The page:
The language debate has again assumed significance in the light of remarks made by Home Minister Amit Shah. It is pertinent at the outset that the constitutional position of languages is thus examined to have a more informed approach to this debate.
The constitutional position on the issue is straightforward and is found in Article 343, which states that the official language of the Union should be Hindi in the Devanagari script, along with English. English in clause 2 of the Above article, is also provided an official position, but only temporarily for 15 years from the date of the commencement of the Constitution. However, Parliament, through the Official Languages Act, 1963, extended the operation of English even after this period.
The Constitution also lists out 22 languages in the VIII Schedule known as scheduled languages. States are also free to choose from these or their own official languages, and hence all states have their different sets of official languages. That said, there is no national language of India. Whether India should have one, is in itself a very complicated issue. The constitutional position hasn’t been of any help on this issue and thus needs a critique.
The emphasis on non-permanence of English in the Constitution should not only be regretted, but be criticised with contempt. The only good thing about the British rule was perhaps the unintended introduction of English language, which benefits Indians even today, exceptionally.
Most knowledge around the world is mostly available in English, and hence, it’s easier for Indians to approach it. Indians remain relevant in the services sector across the globe only because of their fundamental knowledge of English.
Therefore, the emphatic impermanence of English in the Constitution is irrational.
The Indian federal model is unique and has often been criticised for not being federal at all. States ideally should have had sole authority in determining their official language, a superimposition of any one or two official languages by the Union goes against the essential grain of federalism.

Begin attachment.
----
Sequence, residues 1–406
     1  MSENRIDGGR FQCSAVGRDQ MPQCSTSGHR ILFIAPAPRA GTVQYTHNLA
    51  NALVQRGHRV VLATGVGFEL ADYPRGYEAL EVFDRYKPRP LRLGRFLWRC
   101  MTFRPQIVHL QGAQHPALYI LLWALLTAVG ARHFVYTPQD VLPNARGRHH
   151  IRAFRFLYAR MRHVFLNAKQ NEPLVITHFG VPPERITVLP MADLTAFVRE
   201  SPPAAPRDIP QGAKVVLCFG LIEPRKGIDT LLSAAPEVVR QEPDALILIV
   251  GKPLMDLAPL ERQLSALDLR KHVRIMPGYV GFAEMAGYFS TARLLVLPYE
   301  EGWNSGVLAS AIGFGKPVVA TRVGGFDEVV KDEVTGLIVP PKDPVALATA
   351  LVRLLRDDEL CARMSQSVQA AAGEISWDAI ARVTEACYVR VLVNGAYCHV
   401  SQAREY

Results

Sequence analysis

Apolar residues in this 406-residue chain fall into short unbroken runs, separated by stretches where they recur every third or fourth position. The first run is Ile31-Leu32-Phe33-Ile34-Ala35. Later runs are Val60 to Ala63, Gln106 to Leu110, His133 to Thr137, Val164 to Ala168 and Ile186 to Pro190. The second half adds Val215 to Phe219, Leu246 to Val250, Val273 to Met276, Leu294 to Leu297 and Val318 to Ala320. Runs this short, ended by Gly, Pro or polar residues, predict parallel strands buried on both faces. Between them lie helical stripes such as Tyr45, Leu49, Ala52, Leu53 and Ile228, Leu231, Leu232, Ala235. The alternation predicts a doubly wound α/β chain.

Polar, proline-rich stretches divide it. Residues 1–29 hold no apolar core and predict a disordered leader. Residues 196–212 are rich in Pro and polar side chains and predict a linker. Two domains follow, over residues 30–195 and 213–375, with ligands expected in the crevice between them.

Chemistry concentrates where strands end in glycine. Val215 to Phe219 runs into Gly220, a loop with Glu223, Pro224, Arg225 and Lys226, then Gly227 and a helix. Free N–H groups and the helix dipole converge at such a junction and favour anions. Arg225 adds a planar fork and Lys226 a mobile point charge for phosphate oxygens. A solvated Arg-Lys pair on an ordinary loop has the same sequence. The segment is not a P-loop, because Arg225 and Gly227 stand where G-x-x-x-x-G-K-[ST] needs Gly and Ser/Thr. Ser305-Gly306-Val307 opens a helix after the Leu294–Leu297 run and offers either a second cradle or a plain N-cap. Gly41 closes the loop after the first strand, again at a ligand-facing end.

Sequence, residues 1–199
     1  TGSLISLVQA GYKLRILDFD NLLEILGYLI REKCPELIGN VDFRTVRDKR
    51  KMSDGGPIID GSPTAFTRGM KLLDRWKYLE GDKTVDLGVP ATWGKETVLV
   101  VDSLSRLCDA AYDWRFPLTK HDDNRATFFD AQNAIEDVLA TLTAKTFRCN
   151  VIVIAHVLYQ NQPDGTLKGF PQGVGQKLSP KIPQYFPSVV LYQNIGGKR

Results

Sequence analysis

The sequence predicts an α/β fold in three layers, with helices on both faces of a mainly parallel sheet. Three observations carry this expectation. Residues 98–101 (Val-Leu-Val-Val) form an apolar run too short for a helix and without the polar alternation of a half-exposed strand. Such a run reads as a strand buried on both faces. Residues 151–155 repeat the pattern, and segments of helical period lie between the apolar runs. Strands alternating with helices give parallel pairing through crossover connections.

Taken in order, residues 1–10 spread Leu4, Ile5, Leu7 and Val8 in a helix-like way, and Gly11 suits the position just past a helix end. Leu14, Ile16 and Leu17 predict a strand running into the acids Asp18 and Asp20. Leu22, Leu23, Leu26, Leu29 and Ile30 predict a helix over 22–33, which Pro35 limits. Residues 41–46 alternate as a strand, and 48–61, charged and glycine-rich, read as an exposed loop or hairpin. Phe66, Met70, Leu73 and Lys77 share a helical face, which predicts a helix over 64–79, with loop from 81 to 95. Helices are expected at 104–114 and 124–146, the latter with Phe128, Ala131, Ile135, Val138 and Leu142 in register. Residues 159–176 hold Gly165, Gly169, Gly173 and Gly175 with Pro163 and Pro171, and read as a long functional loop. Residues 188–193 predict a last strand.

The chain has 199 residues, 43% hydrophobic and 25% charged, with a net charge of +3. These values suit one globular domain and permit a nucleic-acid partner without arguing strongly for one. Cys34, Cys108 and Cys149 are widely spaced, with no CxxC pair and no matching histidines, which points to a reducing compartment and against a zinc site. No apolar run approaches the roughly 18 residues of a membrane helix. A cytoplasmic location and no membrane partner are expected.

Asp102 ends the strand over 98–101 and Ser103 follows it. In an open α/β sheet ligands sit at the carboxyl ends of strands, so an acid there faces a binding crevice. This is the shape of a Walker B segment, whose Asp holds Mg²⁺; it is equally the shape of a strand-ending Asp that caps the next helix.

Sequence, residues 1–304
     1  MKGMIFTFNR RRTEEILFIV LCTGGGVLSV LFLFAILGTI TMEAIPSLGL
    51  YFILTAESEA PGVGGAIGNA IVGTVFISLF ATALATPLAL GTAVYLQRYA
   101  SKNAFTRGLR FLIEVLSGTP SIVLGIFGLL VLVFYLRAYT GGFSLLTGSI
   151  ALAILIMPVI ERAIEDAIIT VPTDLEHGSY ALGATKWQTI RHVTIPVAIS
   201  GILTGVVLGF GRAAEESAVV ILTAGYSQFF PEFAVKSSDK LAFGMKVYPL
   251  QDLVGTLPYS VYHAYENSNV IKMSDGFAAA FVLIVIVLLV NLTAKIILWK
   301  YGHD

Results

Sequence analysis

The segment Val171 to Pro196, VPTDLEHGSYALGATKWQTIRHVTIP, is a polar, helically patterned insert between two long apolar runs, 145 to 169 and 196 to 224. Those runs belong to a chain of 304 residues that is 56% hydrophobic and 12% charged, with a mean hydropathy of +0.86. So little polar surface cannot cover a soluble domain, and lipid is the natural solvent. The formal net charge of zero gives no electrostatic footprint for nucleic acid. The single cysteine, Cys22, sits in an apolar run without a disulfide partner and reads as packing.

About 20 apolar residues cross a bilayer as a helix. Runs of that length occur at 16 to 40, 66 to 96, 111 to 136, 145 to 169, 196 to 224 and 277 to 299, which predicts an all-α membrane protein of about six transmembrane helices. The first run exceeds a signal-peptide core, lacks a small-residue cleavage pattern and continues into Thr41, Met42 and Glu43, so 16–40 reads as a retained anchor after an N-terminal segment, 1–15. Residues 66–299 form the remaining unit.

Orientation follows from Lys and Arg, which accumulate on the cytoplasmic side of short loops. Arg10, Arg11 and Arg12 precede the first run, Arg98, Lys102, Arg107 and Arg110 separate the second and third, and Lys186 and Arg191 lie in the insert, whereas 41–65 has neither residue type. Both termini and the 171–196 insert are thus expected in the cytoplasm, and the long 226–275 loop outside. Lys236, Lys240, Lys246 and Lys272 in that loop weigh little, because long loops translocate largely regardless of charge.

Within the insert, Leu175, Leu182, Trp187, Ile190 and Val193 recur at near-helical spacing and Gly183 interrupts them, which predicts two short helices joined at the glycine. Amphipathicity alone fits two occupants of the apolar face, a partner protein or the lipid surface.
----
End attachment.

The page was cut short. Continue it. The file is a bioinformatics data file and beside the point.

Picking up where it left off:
The Supreme Court has held federalism to be a basic feature of our Constitution, but its practice in the realm of language remains unsatisfactory. The Indian demographic spread can be compared to the European Union (EU). The EU, for most purposes, works like a highly federal country, with different national identities coming under one umbrella.
We can see the same issue has driven states apart from each other in India and fueled animosity, whereas, in Europe, such linguistic and cultural differences couldn’t keep these countries from coming together under an umbrella, in which they also sacrificed their sovereignty, to an extent.
However, even after accounting for the federal model of our Constitution, there could have been better approaches to the issue of language in the constituent assembly (CA) itself. The CA debated at length on the subject, yet did not come up with a meaningful constitutional position, that’s the reason this debate rages on till today.
Perhaps, a three-language model would have suited the most to dynamics of the Union. In the EU, too, there are 24 official languages. However, three languages – English, French, and German – have a higher status and are called ‘procedural languages.’
In India, most languages can be classified as Sanskrit-based languages or South Indian languages.
English remains the second most widely spoken language in India, in addition to its relevance otherwise, makes it one of the three candidates to be official languages. Ideally, it can be the only official language of the Union courting the least controversy. The other two official languages can be one from Sanskrit-based languages, and the other from South Indian languages.
For the Sanskrit-based languages, an interesting example is the revival of Hebrew in West Asia, through its introduction in the British mandate of Israel and subsequently by Israel. Hebrew, much like Sanskrit, was only a religious language till the 20th Century when it was revived as lingua franca, primarily by introducing it as the official language.
Something on these lines could have been done in India for Sanskrit too. Indeed, this position was discussed in the CA, debated, and Sanskrit’s introduction as the official language was endorsed by none other than Dr BR Ambedkar himself. For the third official language, perhaps the most widely spoken of the South Indian languages could have been accepted.
A school curriculum requiring the learning of English, the mother tongue, and one language from the other group, would have promoted national integration much more efficiently, cohesively, and in a non-controversial manner.
A strong language bonding across the country is not only desirable, but also essential for national integration. But this approach is accommodative of bonding based on more than one language, but it can never be based on 22, like the present position.
The lessons from Europe should not be forgotten, when strong linguistic identities precipitated two World Wars, even when there was a monolithic religion identity.